On May 31, 2022, the media were invited to an announcement where the provincial minister of municipal affairs and housing, John Lohr, unveiled the PC government’s latest plan to help ease the housing crisis. The policy, titled Land For Housing Initiative, is quite simple. The province owns at least 50,000 parcels of land—maybe as many as 100,000—and it wants to make that land available for various groups, like developers or affordable housing non-profits, to build housing.
In 2020, the provincial government commissioned a study into the housing crisis. The study has no handy one-line definition for what the crisis is, as it’s a huge problem with many smaller problems all wrapped up into one big disaster. Broadly speaking though, for some people, the crisis is that the high cost of housing can slow down the real estate sector, which is over 10 percent of Canada’s GDP. But for most people, the crisis is that their paycheck isn’t enough to guarantee a roof over their heads.
Halifax Regional Municipality needs lots of places for lots of people across the income spectrum to live; in March the province said the “housing deficit” in HRM was “at least 17,000 units and growing.” To make sure the lower-income side of the spectrum isn’t forgotten about, the Land For Housing Initiative proposes the trade built into its name. “To aid in offsetting some capital costs,” the plan states, “land sites considered suitable for housing will be made available to private and community housing developers in return for a commitment to create and maintain several new units at affordable rates.”
To the extent this policy is designed to increase the housing supply, a handful of developments that will take years to come to fruition is not a great answer. Each piece of land the province owns must be assessed to see if it can be developed into housing. Then the government puts out a partnership opportunity notice. Interested parties make an application, the government chooses one, then the selected bidder can start the development process.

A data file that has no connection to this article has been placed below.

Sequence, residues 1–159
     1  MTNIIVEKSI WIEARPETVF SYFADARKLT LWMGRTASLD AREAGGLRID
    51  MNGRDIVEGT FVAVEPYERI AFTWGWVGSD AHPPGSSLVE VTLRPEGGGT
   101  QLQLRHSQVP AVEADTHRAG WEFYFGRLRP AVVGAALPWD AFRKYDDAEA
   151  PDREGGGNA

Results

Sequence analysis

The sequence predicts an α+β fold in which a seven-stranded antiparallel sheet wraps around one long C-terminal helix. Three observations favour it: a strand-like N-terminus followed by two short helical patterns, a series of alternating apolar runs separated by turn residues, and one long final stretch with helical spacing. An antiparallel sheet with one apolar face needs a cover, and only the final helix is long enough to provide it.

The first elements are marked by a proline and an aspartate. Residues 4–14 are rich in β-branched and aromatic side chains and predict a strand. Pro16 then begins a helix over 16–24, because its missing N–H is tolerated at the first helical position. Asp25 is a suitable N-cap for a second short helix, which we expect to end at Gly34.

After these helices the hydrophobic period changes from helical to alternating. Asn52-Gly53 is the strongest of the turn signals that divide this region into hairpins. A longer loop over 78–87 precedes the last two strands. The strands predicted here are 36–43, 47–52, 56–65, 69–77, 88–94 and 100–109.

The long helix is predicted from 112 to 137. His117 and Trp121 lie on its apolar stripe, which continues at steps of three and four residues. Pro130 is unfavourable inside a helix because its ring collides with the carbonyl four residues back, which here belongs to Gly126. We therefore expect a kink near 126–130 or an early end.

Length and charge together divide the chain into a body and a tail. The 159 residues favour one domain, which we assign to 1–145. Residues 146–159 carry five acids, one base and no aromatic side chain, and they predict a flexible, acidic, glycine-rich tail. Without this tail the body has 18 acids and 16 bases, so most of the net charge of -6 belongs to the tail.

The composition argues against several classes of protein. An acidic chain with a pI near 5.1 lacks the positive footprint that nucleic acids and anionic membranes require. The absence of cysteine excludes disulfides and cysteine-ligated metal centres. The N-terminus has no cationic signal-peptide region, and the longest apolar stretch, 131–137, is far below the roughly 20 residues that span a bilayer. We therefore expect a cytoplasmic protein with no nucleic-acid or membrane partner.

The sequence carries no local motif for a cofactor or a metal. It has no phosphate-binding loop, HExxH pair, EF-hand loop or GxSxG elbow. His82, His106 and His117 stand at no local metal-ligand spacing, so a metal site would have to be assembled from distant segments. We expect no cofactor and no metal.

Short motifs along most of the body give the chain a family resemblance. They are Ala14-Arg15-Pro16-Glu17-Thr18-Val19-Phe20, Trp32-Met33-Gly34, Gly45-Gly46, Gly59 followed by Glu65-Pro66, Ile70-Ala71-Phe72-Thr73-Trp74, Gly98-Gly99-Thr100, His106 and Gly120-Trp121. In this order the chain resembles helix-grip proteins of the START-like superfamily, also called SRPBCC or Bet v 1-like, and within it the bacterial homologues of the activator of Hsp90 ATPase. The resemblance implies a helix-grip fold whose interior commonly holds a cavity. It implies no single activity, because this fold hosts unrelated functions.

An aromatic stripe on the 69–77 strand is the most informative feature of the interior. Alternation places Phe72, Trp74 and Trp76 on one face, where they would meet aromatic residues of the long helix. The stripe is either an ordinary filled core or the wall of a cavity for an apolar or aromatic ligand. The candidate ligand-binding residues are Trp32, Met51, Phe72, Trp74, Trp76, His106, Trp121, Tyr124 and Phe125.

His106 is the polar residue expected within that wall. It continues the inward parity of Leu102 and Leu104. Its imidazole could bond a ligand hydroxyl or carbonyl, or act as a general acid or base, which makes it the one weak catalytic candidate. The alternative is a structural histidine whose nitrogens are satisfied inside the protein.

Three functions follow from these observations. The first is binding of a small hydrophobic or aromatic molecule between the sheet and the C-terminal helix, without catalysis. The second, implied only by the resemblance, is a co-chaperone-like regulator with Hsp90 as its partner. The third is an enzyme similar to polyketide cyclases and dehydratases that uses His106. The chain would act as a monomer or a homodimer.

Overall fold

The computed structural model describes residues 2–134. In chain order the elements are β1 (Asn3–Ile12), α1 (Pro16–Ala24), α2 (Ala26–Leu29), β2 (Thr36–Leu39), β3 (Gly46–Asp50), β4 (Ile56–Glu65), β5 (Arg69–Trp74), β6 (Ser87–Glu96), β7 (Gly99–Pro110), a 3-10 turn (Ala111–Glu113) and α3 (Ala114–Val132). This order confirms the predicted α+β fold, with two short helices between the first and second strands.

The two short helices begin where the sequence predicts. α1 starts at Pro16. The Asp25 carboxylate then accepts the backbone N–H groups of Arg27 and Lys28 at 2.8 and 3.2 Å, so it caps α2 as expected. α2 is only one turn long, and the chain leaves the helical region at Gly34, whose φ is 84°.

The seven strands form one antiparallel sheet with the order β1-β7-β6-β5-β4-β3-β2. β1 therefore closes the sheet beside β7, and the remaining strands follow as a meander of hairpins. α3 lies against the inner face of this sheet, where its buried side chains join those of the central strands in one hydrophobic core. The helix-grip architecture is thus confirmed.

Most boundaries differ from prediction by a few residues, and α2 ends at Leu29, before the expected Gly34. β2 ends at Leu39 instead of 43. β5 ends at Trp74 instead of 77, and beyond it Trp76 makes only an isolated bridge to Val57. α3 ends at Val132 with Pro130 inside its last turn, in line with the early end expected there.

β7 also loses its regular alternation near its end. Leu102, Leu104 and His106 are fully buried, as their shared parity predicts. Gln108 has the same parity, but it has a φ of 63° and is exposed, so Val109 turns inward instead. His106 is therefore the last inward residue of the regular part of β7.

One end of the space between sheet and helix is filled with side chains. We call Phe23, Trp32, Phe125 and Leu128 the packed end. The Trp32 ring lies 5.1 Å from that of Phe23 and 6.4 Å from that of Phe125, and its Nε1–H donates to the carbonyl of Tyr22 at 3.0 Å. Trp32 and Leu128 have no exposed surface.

What the steps are to development aren’t important to non-developers, but what is important is that this process takes time. Lohr’s mandate letter from Sep 14, 2021, directed him to make a full inventory of the government's lands to better identify which of the up to 100,000 parcels can be used for housing. His department has identified 37 so far. These 37 parcels are all years from having people live in any potential housing. In fairness, this process could become faster, but so far it’s glacial.
Make no mistake, this policy is a step in the right direction, but it is a tiny step and a very late one. The right time for this policy would have been about 10 years ago. Today, it will do little to make housing more affordable because affordable development through schemes like this is historically slow. So slow, in fact, that from 2011 to 2016, for every single affordable unit built, Canada lost 15.
That said, affordability is not the goal of this scheme. “Certainly, we'd like to see many affordable housing projects come out of this, but the reality is we're short supply,” says Lohr. The idea that a lack of supply is causing the housing crisis is a belief that has been criticized as a myth “based on misinterpreted data and the tendency of politicians to oversimplify complex problems,” as Nick Boisvert wrote for the CBC. Lohr continued to say the government would like to see a “significant portion” of these new units be affordable, but that the government didn’t have “a particular goal.”